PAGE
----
‘Nuclear attack submarine’ threatening North Korea launched

North Korea launched its first operational “tactical nuclear attack submarine” and handed it over to the fleet patrolling the waters between the Korean peninsula and Japan. Named Hero Kim Kun Ok in honor of a naval officer in the 1940s, the 841 submarine will become one of the country’s “main submarine attack vehicles” for the navy. According to local media reports, the launch of the vehicle, which will serve to “further strengthen the nuclear deterrence capacity both in terms of quality and quantity”, was held in the presence of leader Kim Jong-un.

The ceremony was held with great fanfare at the Pongdae shipyard in Sinpo, on the northeastern coast of the country, on Wednesday to mark the 75th anniversary of the country’s founding, which will be celebrated tomorrow (Saturday 9 September). In his speech, he said the submarine would “make a major means of nuclear strike” and praised the one-party Central Committee’s plan to “continually modernize the navy and promote the future adoption of nuclear weapons by the Navy.” Adding that equipping the navy with nuclear weapons is “a pressing issue at the moment,” Kim is preparing to travel to Vladivostok, Russia, for a summit with President Vladimir Putin, where the two leaders will likely discuss arms sales. Help Moscow in the war in Ukraine.

According to analysts and images released by North Korean media today, the ship appears to be a modified Soviet-era Romeo-class submarine that North Korea bought from China in the 1970s and later started to manufacture in-house. Its design with 10 torpedo tube covers indicated that it was most likely armed with ballistic and cruise missiles. But these weapons won’t add much value to the more powerful land-based nuclear forces in the North, as the aging submarines used as the basis of the new design are relatively noisy, slow, and have limited range, meaning they won’t survive for long. Vann Van Diepen, a former US government weapons expert who worked on the 38 North project in Washington, told Reuters it was during the war. “When this thing is deployed in the field, it will be quite vulnerable to Allied anti-submarine warfare,” he said. “So from a military perspective, I don’t think it makes much sense.”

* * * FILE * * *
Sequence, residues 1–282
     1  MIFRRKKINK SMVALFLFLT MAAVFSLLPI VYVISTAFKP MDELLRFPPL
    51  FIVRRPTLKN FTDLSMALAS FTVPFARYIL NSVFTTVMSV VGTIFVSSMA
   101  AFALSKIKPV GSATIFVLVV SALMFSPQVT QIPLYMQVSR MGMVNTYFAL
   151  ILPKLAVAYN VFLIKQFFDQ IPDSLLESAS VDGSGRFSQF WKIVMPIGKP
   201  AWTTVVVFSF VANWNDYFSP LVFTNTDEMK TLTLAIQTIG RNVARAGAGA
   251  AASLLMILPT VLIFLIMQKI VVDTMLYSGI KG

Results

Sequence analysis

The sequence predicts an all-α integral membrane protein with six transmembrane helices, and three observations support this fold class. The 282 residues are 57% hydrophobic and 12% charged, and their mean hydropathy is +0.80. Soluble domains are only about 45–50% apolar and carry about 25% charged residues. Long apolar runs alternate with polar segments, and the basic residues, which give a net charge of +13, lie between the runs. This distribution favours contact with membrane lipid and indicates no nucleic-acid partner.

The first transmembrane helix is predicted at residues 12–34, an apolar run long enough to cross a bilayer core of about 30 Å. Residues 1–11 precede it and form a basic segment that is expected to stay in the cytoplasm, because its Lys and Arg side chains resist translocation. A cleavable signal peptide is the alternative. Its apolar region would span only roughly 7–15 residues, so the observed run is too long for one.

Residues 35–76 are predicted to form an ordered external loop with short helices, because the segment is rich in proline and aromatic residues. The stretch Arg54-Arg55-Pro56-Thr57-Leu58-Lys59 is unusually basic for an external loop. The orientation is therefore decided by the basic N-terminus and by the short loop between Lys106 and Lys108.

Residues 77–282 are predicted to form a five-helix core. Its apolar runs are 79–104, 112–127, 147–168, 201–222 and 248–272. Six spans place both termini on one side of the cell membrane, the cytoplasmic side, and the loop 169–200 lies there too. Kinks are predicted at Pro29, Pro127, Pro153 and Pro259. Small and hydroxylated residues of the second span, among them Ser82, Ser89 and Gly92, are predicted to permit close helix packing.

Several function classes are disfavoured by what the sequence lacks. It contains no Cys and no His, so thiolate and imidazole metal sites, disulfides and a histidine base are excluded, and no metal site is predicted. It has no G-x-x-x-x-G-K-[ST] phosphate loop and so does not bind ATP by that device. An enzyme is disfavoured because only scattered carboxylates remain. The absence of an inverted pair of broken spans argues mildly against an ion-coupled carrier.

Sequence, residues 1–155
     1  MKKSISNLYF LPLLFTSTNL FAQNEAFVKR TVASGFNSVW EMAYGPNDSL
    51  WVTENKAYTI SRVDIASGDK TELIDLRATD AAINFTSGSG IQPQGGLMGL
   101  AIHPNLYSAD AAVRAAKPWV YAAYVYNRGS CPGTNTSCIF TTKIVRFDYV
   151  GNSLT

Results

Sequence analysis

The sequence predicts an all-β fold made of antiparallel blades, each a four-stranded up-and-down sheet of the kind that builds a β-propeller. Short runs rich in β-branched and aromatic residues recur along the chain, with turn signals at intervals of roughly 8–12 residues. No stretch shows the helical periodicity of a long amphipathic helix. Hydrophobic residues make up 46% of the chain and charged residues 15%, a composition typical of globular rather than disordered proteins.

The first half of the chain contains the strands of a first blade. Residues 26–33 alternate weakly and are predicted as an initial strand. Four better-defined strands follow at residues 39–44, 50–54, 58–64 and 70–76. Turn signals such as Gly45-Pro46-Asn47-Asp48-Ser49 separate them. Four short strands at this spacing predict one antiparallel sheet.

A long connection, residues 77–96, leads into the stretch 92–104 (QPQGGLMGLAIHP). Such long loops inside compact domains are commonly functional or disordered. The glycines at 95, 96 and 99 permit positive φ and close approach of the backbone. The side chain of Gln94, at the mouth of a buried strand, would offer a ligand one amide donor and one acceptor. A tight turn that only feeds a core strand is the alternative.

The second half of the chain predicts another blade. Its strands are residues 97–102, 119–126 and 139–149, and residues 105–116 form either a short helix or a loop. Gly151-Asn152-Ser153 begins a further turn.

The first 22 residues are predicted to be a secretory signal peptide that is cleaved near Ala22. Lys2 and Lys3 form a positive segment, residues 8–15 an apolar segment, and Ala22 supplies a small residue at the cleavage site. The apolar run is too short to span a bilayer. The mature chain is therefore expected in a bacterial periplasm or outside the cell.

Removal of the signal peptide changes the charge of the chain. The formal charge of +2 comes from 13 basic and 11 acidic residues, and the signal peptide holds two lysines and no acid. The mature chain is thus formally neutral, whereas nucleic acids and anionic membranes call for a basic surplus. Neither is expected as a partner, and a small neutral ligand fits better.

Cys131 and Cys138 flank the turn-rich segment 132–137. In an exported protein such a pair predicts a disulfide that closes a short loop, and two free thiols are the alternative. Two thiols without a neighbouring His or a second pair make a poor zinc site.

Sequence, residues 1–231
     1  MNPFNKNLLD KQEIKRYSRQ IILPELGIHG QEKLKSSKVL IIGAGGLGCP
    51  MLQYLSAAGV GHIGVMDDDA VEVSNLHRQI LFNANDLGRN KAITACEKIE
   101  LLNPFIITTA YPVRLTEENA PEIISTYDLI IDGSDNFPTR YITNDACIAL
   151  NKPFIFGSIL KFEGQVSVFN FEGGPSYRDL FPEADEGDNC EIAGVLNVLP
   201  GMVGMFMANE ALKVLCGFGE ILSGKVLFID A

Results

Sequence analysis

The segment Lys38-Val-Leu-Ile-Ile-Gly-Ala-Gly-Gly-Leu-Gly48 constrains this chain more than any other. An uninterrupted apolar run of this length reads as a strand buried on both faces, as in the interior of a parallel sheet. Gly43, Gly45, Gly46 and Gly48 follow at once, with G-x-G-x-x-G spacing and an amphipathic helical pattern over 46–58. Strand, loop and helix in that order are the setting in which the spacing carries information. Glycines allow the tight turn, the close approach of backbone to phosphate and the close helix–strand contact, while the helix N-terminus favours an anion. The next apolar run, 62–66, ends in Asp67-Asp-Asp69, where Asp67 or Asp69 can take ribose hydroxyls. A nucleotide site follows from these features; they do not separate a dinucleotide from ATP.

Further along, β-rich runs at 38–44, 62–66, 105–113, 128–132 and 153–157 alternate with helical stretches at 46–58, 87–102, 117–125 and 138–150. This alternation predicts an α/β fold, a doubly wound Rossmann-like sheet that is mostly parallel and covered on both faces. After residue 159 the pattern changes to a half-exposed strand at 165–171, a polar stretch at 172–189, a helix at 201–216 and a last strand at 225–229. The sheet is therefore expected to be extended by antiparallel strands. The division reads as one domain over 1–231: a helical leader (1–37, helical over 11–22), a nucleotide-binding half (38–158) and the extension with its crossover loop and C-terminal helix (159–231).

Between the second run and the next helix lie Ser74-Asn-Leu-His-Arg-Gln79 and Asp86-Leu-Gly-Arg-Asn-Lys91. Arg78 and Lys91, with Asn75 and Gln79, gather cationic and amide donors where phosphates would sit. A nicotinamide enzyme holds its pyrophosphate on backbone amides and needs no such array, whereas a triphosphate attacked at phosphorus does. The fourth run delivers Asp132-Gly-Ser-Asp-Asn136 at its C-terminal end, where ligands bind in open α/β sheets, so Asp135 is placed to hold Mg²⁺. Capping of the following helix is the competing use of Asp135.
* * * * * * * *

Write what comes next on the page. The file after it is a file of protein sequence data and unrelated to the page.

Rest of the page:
The South Korean military said the submarine did not appear ready for normal operations and there were signs that North Korea was trying to overestimate its capabilities. However, Shin Seung-ki, a researcher at the Korea Institute for Defense Analysis (Kida), warned that South Korea and the United States cannot be sure if they will find and destroy the sunken submarines. “It is clear that North Korea has significantly expanded and strengthened the operational capabilities of its navy compared to the past,” he said.

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Source: Today IT